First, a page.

As I say in Is Ber. 26 in the proper chronological place?

We have the medrashim that Eisav was already leading a band of men. These men were the "family defense force". That is why the servants of Avimelech were unable to attack Yitzchak and instead resorted to "lawfare". That is suing him and claiming that the water in the wells that he dug belonged to them.

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It is possible that Yitzchak did rebuke them, as it says in Bereishis 26:20:

וַיָּרִ֜יבוּ רֹעֵ֣י גְרָ֗ר עִם־רֹעֵ֥י יִצְחָ֛ק לֵאמֹ֖ר לָ֣נוּ הַמָּ֑יִם וַיִּקְרָ֤א שֵֽׁם־הַבְּאֵר֙ עֵ֔שֶׂק כִּ֥י הִֽתְעַשְּׂק֖וּ עִמּֽוֹ׃ וַֽיַּחְפְּרוּ֙ בְּאֵ֣ר אַחֶ֔רֶת וַיָּרִ֖יבוּ גַּם־עָלֶ֑יהָ וַיִּקְרָ֥א שְׁמָ֖הּ שִׂטְנָֽה׃

I believe that Netziv intends to say this here:

כי התעשקו עמו – היה בזה רוב דברים אשר הוכיח יצחק כי מים חיים המה, והמה נתווכחו עמו, וזה מיקרי ״עשק״... ויקרא שמה שטנה – אחר שראו שעלה בידם לגזול הבאר בטענה בדויה, הוסיפו לגזול בלי טענה רק עמדו לשטן, וגם אז העלימו השרים עין.

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  • He might have reproved the shepards but not Avimelech himself
    – user15464
    Aug 22 '19 at 22:30
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There is a fundamental difference between Avraham and Yitzchak.

Avraham primary middah/ attribute was chesed- loving kindness. he was involved in actively try to fix up the world, including getting people to recognize G-d and try to live a G-dly life.

We constantly find Avraham involved with other people- setting up altars and "calling in the name of Hashem" (chap. 12-13), rescuing Lot (chap.14), greeting the angels and taking care of them (Genesis Chap. 18), praying for Sedom (ibid.), dealing with Avimelech (chap. 20) etc. He took a very active role in this world, trying to bring it to perfection. Perfecting the world requires fixing up wrongdoings.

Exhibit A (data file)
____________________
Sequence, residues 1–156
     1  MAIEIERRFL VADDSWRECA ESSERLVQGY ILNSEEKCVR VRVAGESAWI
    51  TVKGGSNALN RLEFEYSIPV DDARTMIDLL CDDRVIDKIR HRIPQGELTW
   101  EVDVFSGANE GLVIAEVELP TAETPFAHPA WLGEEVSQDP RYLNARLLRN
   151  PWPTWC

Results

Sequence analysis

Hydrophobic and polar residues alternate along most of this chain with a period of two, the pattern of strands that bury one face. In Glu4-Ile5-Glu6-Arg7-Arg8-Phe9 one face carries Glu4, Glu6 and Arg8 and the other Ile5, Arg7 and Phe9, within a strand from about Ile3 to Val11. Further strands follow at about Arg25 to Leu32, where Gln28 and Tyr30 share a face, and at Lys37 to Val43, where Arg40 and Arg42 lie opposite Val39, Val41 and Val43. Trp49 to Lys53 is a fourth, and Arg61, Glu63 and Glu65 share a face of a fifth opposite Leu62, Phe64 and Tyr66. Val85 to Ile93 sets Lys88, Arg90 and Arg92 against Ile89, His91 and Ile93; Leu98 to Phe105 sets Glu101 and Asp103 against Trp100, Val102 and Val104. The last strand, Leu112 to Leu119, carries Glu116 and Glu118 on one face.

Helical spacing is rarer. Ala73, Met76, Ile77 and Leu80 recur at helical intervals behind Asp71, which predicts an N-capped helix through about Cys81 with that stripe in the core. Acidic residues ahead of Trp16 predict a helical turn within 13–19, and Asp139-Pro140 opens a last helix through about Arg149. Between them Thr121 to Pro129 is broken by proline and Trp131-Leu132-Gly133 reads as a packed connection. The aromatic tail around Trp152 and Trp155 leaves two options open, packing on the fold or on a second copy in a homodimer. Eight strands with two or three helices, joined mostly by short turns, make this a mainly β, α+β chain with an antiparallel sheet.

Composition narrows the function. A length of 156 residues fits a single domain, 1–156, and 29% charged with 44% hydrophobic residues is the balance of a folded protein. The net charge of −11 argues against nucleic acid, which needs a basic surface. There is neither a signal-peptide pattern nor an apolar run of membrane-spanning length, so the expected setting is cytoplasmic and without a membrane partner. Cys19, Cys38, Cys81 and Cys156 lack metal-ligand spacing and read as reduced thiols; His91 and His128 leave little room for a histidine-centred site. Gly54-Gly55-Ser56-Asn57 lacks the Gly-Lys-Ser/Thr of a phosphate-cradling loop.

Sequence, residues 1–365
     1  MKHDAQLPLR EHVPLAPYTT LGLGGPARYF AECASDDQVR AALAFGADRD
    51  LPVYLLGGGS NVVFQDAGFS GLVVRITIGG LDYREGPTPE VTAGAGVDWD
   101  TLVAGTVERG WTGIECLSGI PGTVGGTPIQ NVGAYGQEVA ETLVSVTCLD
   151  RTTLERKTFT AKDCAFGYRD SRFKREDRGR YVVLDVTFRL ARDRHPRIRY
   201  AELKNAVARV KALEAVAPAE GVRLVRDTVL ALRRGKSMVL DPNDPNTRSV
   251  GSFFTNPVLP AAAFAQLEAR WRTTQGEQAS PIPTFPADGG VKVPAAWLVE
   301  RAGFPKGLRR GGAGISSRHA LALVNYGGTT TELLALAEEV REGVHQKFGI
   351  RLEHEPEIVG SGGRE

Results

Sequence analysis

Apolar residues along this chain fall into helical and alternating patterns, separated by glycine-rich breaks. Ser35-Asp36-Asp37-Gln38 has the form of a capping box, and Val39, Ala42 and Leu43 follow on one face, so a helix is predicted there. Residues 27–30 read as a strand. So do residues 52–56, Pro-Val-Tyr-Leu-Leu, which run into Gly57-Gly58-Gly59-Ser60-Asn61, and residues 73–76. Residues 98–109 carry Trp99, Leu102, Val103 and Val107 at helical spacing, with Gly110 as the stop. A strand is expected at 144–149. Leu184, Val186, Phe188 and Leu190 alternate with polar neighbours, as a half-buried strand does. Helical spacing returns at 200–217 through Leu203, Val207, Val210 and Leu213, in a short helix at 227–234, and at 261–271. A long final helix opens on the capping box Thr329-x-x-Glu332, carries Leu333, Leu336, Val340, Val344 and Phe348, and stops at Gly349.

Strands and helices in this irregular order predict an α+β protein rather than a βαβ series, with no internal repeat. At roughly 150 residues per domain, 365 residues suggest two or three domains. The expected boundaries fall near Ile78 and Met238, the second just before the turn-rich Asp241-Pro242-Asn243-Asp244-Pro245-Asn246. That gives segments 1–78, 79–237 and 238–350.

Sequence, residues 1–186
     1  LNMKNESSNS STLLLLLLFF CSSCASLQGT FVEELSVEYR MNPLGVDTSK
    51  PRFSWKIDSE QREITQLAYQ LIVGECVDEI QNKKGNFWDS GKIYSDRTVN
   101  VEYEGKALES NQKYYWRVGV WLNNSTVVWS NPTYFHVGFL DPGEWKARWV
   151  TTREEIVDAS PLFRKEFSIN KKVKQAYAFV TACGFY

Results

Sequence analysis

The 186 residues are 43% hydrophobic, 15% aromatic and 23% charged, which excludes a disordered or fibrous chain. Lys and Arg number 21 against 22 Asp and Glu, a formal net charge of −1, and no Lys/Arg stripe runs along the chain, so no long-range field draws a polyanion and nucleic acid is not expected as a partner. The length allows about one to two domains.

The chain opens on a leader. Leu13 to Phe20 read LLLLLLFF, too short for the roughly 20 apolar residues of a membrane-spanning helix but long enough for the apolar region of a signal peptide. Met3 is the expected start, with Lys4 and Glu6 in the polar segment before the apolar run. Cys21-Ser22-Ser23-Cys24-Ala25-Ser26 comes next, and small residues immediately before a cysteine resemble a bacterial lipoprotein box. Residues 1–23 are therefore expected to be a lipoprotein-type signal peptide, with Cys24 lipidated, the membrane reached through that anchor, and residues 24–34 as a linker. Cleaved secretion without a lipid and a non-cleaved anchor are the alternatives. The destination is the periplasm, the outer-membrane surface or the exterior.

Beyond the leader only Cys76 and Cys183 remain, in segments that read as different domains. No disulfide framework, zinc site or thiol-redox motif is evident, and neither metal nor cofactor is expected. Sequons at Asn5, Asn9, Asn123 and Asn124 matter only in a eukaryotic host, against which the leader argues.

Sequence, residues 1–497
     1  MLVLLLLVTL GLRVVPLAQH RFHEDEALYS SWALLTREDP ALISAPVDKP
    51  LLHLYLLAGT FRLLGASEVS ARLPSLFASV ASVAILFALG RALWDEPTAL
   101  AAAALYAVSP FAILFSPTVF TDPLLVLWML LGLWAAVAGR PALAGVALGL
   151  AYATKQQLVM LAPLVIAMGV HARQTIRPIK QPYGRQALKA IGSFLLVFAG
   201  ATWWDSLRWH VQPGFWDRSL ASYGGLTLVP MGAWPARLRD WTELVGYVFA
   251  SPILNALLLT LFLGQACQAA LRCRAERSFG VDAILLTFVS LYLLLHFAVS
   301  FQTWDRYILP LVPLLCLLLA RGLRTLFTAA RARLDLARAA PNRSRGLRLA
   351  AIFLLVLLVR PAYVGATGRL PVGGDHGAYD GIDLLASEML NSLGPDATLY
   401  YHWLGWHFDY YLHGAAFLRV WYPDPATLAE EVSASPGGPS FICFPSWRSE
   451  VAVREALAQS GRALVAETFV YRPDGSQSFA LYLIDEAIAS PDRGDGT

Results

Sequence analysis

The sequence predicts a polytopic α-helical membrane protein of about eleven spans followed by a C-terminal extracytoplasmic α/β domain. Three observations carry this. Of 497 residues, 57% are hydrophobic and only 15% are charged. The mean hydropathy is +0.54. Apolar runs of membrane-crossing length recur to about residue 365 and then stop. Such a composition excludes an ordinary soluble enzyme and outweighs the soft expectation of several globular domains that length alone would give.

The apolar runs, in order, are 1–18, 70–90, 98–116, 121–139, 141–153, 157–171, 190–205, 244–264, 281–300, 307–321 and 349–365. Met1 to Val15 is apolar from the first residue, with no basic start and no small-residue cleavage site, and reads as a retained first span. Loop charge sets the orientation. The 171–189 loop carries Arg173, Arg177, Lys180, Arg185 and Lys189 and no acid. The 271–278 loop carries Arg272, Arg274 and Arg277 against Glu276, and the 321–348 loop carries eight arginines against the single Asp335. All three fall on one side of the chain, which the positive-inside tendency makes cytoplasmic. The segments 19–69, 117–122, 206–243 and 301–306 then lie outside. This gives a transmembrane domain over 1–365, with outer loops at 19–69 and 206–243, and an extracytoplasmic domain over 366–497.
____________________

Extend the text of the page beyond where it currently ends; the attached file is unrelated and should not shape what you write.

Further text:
Yitzchak, on the other hand, exemplified the middah of Gevurah- power and self-restraint. He accepts whatever comes his way, recognizing that it is the will of Hashem. Thus we find that at Akeidas Yitzchak- when Avraham binds Yitzchak and prepares to sacrifice him- the verse says that Elokim tested "Avraham"- not Yitzchak (22:1). For Avraham it was a test, since sacrificing his son went against his very essence of loving kindness. But Yitzchak went along willingly (See Rashi's commentary on verse 6). We find no resistance on his part at all. Likewise, in the story of the blessings (Chap. 27), Yitzchak takes a very passive role as Rivka arranges for Yaakov to take Esav's blessings. This is because Yitzchak's role was to develop his relationship with Hashem and completely give himself up to His desires.

So when Avimelech's servants take his wells, Yitzchak doesn't fight back. He accepts it and moves away. His passivity is not because he is weak or unable to fight back. Rather he accepts that whatever happens to him is exactly what Hashem wants to happen, and thus he just accepts it willingly.

SOURCE: I have heard this idea in numerous forums from Rav Moshe Shapiro zatza"l and some of his talmidim, including specifically Rabbi Dovid Orlofsky. The basic concept- Avraham represents chesed and Yitzchak, gevurah- is very commonly discussed among the commentators like Maharal. I do not know if he had a source which specifically discussed the application to the wells, or if that was his own insight.